But will curiosity kill the cat? When one is watching a Giallo – and a good one, to boot – all cards are on the table. As a long-time admirer of films that depict the deterioration of a mind in unison with depicting an industry, culture, or world at large on its way out, I find Avati’s film to be utterly fascinating. Here we have the classic descent-into-madness narrative, a staple of the genre, unfolding beside a positively post-apocalyptic landscape; the villa, with all its abandoned ambitions and lost souls, is most likely intended as a commentary on post-War Italy and how certain communities struggled to escape their past. Stefano’s various romantic flings with school teachers and conversations with drunks, bat-shit crazy altar boys, and of course the old woman upstairs reveal a tight circle of damned spirits, only a handful of whom dream of escape, though most only wish to keep a vicious cycle going for as long as it possibly can.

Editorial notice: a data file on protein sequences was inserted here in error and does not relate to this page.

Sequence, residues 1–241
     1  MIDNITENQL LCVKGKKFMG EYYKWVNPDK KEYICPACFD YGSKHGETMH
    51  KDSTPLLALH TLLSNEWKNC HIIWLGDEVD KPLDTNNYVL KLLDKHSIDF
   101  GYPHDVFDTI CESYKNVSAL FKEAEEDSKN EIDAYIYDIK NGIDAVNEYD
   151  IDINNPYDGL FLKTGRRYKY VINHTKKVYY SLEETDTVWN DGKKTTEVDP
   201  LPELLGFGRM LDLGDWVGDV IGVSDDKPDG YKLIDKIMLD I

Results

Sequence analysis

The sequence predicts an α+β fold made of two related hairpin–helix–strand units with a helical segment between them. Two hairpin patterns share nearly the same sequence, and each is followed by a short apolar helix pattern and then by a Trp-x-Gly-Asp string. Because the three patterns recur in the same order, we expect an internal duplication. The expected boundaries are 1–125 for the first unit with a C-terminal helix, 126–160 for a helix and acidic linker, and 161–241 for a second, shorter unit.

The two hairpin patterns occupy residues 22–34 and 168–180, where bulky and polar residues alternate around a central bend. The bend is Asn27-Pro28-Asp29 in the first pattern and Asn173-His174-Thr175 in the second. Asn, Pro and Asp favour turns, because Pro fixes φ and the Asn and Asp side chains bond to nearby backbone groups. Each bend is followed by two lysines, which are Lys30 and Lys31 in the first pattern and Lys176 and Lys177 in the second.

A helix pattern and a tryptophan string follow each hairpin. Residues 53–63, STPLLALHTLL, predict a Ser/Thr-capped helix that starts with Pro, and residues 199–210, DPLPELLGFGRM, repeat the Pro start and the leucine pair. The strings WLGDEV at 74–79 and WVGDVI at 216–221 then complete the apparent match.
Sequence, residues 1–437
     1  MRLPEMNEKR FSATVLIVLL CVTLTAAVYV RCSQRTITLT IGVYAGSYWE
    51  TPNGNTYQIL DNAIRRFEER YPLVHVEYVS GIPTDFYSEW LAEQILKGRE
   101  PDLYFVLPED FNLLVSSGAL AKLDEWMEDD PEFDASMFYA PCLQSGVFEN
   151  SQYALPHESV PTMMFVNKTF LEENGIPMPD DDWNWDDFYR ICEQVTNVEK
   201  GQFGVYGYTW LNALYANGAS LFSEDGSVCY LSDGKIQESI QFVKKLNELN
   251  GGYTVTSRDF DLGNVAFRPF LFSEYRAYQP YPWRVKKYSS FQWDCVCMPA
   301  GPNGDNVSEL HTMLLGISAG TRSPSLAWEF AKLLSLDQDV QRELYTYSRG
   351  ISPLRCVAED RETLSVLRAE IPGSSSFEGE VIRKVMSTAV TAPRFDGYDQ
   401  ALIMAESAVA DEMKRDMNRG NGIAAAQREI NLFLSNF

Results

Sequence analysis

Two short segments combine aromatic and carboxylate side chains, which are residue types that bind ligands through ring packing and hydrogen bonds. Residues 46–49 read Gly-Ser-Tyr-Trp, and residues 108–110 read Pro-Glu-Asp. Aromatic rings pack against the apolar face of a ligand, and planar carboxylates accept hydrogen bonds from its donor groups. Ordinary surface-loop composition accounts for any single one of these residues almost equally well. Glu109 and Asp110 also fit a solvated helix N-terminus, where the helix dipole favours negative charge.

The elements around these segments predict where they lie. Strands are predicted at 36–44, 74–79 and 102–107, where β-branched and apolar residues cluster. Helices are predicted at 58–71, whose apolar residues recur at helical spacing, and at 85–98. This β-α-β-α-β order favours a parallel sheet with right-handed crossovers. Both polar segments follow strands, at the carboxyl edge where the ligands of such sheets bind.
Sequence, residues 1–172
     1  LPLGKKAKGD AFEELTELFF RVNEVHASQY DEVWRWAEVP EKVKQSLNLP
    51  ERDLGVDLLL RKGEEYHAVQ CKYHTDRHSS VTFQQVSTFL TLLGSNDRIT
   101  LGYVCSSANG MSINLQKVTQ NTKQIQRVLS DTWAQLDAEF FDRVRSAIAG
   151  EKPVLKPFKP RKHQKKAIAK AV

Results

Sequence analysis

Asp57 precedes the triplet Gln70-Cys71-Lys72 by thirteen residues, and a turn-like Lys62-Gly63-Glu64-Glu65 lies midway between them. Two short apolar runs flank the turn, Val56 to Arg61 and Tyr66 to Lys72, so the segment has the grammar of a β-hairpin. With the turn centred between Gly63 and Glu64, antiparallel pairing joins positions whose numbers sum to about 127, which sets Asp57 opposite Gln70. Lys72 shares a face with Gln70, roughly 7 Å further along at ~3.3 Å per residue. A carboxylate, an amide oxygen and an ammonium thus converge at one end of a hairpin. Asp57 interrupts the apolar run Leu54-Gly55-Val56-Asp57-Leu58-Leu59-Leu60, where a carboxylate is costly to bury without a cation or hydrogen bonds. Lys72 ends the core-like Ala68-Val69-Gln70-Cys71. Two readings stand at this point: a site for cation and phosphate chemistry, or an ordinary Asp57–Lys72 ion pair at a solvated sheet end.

It’s quite interesting, or at least it might be to certain readers, to note that in the course of a career spanning nearly half a century, Avati only made (to my knowledge) about half a dozen features that could be branded as horror films, the most widely-acknowledged of which are this one and the equally exceptional ZEDER (aka REVENGE OF THE DEAD). Skimming through an extensive filmography such as this, it seems Avati has covered just about every base he can, returning to the realm of the macabre time and time again, but mostly at the helm of much lighter, though I’m sure no less thoughtful fare. It is clear that while he is not technically a “genre” director, Avati has a penchant for brooding phantasmagoria; a dark side that only shows itself when deemed absolutely necessary – which in turn makes for some of the most consistently engaging tales of terror on the market.